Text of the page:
As a professional photographer, when shooting weddings, portraits and events, obviously my weapon of choice is a DSLR. On an average day, however, just like everyone else, I’m always taking photos on my phone.
I love this quick and easy outlet for my photography thirst, so much so I’ve even started hosting workshops on mobile photography in Hong Kong. Here I share with you some insider tips for awesome mobile phone photography.
Mobile Photography Tips: Best Mobile Phones for Taking Good Photos
To Take good photos, we need a mobile phone with great camera features, below are a list of mobile phones which can capture high quality photos:
Who Should Read These Mobile Photography Tips?
Anyone who loves photography and has a smartphone with a camera and is planning to take some amazing photos with it would find this article useful.
Great gatherings and parties, a lovely Sunday on the beach, or even when you just happen to see a cool sports car on the street, photography is everywhere. Nowadays, everyone has a mobile phone and every phone has a camera! It is always great if you can freeze all these great moments in a great photo, right?
How to Take Good Photos with Your Phone (9 Top Tips)
1. Clean the lens
Yep, it’s pretty obvious, but so many potentially great photos taken with mobile phones are ruined because someone forgot to clean the lens. Your phone is bumping around in your bag or pocket all day, picking up dirt, grime and greasy fingerprints.
Do yourself a favor and give your lens a wipe before you set out on a shoot. A soft lens cloth is best, like the sort you get for specs, but a t-shirt will also do.
I have been using the Nikon 8072 Microfiber Cleaning Cloth for many years and I am very happy with the hook idea after losing around 20+ of loose camera cleaning cloth...
2. Have a clear subject
Ask yourself, “What exactly am I taking a photo of and what do I want my viewers to see?"
It might be a person, a piece of fruit or even just a wall, but you need to know what it is. Then you need to make sure it’s in focus without an explanation. So often I see photos in my workshops and I have to ask the students “What is it?”
Most phones will focus on a clear subject automatically, while with others, such as iPhones, you can specify the area to be focused on by tapping the screen where your subject appears for an ultra sharp focus.
3. Don’t Zoom
As written in my other article “7 Most Common Mistakes in Mobile Photography”, the digital zooming function on mobile phone cameras is, just still not so good yet.
For sure we are looking forward to seeing how future technology will change this problem. Actually, the newest model from Huawei, the P40 Pro, has a very advanced processor and sensor.
Whenever possible, use 'leg zoom' which means getting closer to your subject by using your legs! And in doing so, you get to work out a bit as well!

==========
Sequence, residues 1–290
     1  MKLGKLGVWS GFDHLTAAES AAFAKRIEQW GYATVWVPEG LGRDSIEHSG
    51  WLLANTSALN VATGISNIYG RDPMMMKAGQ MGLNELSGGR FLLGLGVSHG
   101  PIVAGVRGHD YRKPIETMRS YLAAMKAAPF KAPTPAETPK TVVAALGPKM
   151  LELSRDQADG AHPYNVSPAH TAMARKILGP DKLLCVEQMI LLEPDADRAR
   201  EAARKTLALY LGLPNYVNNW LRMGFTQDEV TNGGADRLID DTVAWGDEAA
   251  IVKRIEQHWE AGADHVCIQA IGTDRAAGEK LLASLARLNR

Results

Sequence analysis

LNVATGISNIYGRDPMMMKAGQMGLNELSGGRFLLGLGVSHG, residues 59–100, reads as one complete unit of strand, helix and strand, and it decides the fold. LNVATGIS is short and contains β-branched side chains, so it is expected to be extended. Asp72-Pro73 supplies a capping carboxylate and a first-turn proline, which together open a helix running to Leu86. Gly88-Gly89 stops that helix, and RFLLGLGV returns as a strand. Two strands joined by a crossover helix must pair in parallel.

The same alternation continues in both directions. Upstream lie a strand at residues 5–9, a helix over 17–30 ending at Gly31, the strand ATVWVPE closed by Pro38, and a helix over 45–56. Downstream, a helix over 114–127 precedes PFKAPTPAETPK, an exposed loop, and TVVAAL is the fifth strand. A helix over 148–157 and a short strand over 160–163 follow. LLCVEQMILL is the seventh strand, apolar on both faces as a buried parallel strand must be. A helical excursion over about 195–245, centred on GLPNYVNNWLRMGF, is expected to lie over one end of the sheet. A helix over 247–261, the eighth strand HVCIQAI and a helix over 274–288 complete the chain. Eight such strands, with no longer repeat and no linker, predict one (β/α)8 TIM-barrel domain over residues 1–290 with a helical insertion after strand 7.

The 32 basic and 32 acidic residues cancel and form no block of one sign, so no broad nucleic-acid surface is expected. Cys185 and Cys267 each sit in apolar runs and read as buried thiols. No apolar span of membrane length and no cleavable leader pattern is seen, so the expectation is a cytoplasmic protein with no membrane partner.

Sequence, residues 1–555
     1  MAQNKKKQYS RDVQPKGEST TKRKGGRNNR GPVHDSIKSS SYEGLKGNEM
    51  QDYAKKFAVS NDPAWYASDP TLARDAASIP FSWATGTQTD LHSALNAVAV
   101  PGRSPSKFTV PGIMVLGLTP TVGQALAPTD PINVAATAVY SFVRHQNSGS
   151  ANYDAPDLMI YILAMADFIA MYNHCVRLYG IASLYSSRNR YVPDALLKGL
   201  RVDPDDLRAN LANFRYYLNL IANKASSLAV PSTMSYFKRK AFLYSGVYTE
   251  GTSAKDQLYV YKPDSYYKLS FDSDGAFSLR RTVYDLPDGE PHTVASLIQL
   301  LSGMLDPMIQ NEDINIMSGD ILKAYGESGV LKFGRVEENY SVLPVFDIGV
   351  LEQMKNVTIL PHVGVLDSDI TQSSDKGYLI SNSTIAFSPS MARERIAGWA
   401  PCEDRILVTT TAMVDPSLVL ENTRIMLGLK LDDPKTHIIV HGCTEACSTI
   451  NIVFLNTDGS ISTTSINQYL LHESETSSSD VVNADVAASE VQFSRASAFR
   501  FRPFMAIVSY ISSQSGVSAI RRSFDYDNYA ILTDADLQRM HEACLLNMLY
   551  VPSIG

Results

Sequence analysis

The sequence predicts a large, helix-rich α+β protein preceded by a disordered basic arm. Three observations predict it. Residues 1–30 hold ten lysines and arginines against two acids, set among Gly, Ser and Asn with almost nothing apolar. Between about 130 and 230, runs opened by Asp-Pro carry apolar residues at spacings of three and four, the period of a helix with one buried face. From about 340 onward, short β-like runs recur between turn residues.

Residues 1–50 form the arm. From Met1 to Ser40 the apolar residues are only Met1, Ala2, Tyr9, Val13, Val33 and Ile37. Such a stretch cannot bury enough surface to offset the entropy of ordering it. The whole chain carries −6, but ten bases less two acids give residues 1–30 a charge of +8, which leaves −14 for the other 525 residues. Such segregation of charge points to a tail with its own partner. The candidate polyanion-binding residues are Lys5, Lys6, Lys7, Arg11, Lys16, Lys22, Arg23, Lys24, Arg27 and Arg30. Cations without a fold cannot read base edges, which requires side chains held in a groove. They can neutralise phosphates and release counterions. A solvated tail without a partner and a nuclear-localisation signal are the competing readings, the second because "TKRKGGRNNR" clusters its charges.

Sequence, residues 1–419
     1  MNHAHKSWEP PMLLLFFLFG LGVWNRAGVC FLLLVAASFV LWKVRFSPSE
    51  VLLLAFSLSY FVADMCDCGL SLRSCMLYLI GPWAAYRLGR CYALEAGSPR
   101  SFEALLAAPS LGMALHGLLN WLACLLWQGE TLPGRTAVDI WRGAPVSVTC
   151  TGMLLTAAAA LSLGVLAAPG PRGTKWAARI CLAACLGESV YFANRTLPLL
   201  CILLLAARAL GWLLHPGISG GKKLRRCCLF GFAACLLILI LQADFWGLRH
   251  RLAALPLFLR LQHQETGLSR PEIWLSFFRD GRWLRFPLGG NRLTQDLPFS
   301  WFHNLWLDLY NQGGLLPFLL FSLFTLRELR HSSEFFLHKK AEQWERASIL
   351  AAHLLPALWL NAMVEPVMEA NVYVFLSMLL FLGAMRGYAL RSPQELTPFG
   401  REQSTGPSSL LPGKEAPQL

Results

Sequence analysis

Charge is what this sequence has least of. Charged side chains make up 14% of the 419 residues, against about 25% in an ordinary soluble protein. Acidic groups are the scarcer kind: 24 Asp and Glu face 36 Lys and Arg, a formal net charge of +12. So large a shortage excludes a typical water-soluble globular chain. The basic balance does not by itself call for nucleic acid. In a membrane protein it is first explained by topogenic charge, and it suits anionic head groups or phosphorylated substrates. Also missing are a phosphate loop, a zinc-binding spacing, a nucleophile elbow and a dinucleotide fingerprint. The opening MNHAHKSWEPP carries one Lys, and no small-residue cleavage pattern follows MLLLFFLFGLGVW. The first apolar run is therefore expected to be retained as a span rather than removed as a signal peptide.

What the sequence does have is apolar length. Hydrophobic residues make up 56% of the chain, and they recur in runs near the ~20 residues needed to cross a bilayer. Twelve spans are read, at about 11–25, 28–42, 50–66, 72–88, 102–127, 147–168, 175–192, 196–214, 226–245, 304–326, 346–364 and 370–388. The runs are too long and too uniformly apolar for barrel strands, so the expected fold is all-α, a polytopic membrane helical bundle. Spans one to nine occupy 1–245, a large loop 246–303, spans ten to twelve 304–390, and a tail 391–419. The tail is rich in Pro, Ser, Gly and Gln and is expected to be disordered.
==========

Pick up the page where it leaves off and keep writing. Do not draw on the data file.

If you can’t move any closer to the subject, I suggest you take a photo of the subject with surroundings from a distance and just crop it into the size you prefer with Adobe photoshop or any editing software.
Thanks to the rapid development of camera technology, there are some great mini tele lenses suitable for mobile phones, just like we can purchase different lenses for portraits and street photography. If you are really looking for capturing something from a far distance just remember the digital zoom in your phone's camera will not give you super sharp images!!
The top mobile lenses I highly recommend are:
Here are examples of the digital Zoom feature on the Huawei P40 Pro which I find quite acceptable for a mobile phone!
Equivalent to 280mm zoom:
Equivalent to 327mm Zoom:
4. Play with light
Smartphone photography is tricky during low light, but you can brighten things up to a certain extent with editing apps afterwards. That said, you should always be aware of the light in your scene.
Go out and shoot in the “golden hours” at sunrise and sunset. The light is more even at these times, making mobile photography much easier. Also, don’t be afraid to play with light. Look for shadows and reflections that can show an otherwise overlooked subject in a new light (‘cuse the pun)
One of my favorite lighting products which I carry in my bag for mobile photography is the Phottix M200R RGB Light (PH81419).
I love that the Phottix M200R is powerful, portable and it can even serve as a phone charger!
If you are on a budget and want some color effect, consider getting color filters.
Some of my photography students and colleagues like using color filters and they are very happy with them. I haven’t tried them yet but since the price is very reasonable, I do believe you can give them a try.
5. Change perspectives
If you’re taking photos in a city like Hong Kong, chances are everything you shoot has been shot a trillion times before. If you want to create photos that are going to be more impactful for your social media such as instagram, then you probably want something different.